5. #5
    Join Date
    Sep 2005
    Posts
    10,654
    Thanks
    44
    Thanked
    27
    Reviews
    1
    Achievements:Topaz Star - 500 postsAmber Star - 2,000 postsAmethyst Star - 5,000 postsEmerald Star - 10,000 posts
    Thanks for that info Janet!
    Only wish I'd had it 15 months ago.

  6. #6
    Join Date
    Nov 2005
    Posts
    5,846
    Thanks
    0
    Thanked
    3
    Reviews
    0
    Achievements:Topaz Star - 500 postsAmber Star - 2,000 postsAmethyst Star - 5,000 posts
    If only I knew that before! Didn't think my labour was much different or unusual (apparently because posterier is quite common now)...

    It's good to know for future use and I probably won't be spending that much time on the couch as I did first time around! lol

  7. #7
    Join Date
    Aug 2005
    Posts
    1,273
    Thanks
    0
    Thanked
    10
    Reviews
    0
    Achievements:Topaz Star - 500 posts
    The power is ours, sisters!!!! Use it!

  8. #8
    Join Date
    Apr 2005
    Posts
    1,372
    Thanks
    0
    Thanked
    0
    Reviews
    0
    Achievements:Topaz Star - 500 posts
    Thomas is quite stubbornly Posterior, even though I sleep on my left... spend loads of time on all fours, and his placenta is posterior... He is supposed to prefer to face it LOL.. still I have little arms and feet sticking out of my belly most of the time. I figure he'll rotate during labour if he won't now he'll have to be quick though, my last DD only took an hour from first contraction to being in mamas arms!

  9. #9
    Join Date
    Aug 2005
    Posts
    1,273
    Thanks
    0
    Thanked
    10
    Reviews
    0
    Achievements:Topaz Star - 500 posts
    Some bubbas just are, aren't they?! I've a friend whose babies ALWAYS rotate into posterior just before she pushes them out. Fortunately she's always at home so no problems but I think sometimes she's tempted to try another just to see if she can get an OA baby through birth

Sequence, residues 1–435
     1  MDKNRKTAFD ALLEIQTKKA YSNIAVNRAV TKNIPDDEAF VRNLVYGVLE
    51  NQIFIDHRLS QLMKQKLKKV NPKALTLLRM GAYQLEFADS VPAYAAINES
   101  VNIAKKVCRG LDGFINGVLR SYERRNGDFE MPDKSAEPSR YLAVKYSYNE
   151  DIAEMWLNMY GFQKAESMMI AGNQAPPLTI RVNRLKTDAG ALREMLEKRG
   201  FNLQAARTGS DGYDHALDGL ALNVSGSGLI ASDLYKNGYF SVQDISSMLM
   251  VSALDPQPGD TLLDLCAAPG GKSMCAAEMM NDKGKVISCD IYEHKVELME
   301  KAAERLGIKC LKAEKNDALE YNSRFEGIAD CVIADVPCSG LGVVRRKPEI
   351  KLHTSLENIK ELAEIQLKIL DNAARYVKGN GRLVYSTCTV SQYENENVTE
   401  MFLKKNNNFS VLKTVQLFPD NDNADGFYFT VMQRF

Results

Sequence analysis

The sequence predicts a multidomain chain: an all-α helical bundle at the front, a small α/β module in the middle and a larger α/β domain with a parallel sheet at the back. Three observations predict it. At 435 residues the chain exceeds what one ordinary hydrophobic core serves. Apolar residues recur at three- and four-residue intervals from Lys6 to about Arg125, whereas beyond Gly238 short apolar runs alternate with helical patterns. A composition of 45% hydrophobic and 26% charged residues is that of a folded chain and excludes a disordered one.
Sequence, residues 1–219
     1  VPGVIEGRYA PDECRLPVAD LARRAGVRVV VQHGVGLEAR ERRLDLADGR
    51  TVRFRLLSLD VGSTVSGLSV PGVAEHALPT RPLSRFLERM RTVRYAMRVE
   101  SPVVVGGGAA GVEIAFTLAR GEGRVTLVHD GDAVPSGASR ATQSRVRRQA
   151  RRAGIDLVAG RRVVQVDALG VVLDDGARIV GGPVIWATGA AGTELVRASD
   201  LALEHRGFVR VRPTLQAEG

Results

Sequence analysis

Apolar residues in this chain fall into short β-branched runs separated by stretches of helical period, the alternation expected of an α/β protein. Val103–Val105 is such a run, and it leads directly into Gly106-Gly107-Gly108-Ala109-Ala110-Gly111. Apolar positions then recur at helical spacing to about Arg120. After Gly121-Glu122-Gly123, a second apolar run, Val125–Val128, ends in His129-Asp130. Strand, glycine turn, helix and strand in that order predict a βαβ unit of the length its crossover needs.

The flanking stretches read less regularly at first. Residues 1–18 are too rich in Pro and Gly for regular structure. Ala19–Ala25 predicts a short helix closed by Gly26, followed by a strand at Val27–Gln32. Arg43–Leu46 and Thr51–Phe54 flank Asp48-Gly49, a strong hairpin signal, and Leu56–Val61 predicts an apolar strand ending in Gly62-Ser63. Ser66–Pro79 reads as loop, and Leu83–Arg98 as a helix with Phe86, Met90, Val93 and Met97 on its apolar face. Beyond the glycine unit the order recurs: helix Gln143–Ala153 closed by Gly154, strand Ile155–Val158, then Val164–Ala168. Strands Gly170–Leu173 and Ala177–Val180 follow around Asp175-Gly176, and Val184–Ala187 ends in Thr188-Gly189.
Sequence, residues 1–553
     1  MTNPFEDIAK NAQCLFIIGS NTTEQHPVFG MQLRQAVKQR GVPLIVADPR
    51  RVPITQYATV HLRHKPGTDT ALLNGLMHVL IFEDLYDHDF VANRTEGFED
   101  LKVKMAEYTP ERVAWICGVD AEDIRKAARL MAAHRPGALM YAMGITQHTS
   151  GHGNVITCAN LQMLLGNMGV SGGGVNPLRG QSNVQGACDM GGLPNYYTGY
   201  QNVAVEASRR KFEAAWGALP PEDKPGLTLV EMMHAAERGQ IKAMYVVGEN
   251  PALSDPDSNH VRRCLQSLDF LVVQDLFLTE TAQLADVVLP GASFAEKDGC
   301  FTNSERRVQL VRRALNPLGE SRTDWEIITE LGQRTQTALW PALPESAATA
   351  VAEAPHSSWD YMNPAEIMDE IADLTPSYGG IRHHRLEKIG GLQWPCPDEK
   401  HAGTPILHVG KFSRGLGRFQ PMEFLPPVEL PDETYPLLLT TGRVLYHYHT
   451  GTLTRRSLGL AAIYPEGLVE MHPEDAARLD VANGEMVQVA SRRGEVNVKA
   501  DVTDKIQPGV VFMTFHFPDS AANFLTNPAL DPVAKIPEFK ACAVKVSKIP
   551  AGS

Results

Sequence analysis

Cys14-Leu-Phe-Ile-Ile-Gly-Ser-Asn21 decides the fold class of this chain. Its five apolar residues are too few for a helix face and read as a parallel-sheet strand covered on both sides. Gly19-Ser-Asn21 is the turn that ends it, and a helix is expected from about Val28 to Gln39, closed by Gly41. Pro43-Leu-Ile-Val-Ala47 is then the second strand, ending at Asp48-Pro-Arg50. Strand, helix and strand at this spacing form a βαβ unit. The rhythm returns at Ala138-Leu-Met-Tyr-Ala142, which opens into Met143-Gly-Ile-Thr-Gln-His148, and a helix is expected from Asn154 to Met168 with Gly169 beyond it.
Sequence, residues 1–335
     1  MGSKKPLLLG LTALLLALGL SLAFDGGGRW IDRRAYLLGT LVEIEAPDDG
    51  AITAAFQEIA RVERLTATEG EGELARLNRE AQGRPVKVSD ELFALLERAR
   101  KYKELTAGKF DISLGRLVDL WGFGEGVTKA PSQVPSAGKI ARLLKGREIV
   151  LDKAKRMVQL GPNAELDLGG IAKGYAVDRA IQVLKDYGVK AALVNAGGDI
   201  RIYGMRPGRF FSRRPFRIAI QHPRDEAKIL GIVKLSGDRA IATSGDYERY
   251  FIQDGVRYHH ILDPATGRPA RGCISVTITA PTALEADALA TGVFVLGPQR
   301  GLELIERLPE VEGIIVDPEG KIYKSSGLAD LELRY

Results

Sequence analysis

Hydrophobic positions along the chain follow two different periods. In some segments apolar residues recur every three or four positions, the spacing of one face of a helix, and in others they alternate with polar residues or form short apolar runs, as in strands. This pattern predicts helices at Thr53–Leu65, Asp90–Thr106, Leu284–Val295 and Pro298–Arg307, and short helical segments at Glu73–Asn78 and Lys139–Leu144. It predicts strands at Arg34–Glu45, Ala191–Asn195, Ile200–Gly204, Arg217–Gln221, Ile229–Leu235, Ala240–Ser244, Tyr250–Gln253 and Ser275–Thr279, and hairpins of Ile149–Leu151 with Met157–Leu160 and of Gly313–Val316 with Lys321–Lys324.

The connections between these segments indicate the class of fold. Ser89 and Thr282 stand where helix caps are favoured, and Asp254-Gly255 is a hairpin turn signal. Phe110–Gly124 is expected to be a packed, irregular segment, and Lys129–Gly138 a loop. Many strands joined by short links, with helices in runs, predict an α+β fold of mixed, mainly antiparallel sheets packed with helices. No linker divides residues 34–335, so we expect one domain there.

10. #10
    Join Date
    Sep 2005
    Posts
    3,381
    Thanks
    0
    Thanked
    0
    Reviews
    0
    Achievements:Topaz Star - 500 postsAmber Star - 2,000 posts
    Hey there,

    I just thought I would add my little 2 cents worth to this thread.

    When I was pregnant with little dude he was both breech and posterior.

    Optimal foetal positioning was actually gone through with me with the midwives.

    They also recommended acupuncture and massage, with a shen therapist who was well known for turning breech babies.

    I held my positions and had the acupuncture and yep, the dude turned and was all lovely and ready to go.

    I ended up having to have an emergency c-section though!


 

Similar Threads

  1. I.B.S. and giving birth. ESpecially relating to water birth.
    By Sweetpez in forum Pregnancy & Birth General Chat
    Replies: 4
    Last Post: 03-12-2012, 13:04
  2. When should I start optimal positioning?
    By Moxy in forum Pregnancy & Birth General Chat
    Replies: 6
    Last Post: 09-03-2012, 17:48
  3. Giving birth in Tamworth
    By Cromo in forum Seeking a Maternity Hospital
    Replies: 16
    Last Post: 28-01-2012, 19:57

Posting Permissions

  • You may not post new threads
  • You may not post replies
  • You may not post attachments
  • You may not edit your posts

ADVERTISEMENT

ADVERTISEMENT

FEATURED SUPPORTER
Swim AustraliaSwim Australia are the leading learn-to-swim experts, and national swim school authority. With over 600 Registered Swim ...

ADVERTISEMENT